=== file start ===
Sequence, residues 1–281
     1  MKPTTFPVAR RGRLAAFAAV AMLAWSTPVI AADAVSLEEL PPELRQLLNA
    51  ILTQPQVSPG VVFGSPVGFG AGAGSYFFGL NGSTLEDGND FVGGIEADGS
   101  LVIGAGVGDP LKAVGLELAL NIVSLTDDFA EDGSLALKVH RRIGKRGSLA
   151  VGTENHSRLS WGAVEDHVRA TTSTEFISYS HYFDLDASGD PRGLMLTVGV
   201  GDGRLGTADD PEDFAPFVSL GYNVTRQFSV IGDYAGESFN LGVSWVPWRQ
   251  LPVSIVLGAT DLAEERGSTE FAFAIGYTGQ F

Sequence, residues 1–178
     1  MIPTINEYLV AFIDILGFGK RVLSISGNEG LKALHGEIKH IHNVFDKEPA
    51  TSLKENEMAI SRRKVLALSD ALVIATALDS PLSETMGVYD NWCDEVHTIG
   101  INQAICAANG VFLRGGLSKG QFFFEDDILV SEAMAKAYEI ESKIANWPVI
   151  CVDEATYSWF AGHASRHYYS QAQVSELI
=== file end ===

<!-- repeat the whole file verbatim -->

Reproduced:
Sequence, residues 1–281
     1  MKPTTFPVAR RGRLAAFAAV AMLAWSTPVI AADAVSLEEL PPELRQLLNA
    51  ILTQPQVSPG VVFGSPVGFG AGAGSYFFGL NGSTLEDGND FVGGIEADGS
   101  LVIGAGVGDP LKAVGLELAL NIVSLTDDFA EDGSLALKVH RRIGKRGSLA
   151  VGTENHSRLS WGAVEDHVRA TTSTEFISYS HYFDLDASGD PRGLMLTVGV
   201  GDGRLGTADD PEDFAPFVSL GYNVTRQFSV IGDYAGESFN LGVSWVPWRQ
   251  LPVSIVLGAT DLAEERGSTE FAFAIGYTGQ F

Sequence, residues 1–178
     1  MIPTINEYLV AFIDILGFGK RVLSISGNEG LKALHGEIKH IHNVFDKEPA
    51  TSLKENEMAI SRRKVLALSD ALVIATALDS PLSETMGVYD NWCDEVHTIG
   101  INQAICAANG VFLRGGLSKG QFFFEDDILV SEAMAKAYEI ESKIANWPVI
   151  CVDEATYSWF AGHASRHYYS QAQVSELI